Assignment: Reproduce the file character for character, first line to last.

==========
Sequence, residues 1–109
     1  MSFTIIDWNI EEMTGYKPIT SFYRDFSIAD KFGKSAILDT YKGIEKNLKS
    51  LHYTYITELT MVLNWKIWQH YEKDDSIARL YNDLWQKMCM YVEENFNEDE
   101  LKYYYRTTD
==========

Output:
Sequence, residues 1–109
     1  MSFTIIDWNI EEMTGYKPIT SFYRDFSIAD KFGKSAILDT YKGIEKNLKS
    51  LHYTYITELT MVLNWKIWQH YEKDDSIARL YNDLWQKMCM YVEENFNEDE
   101  LKYYYRTTD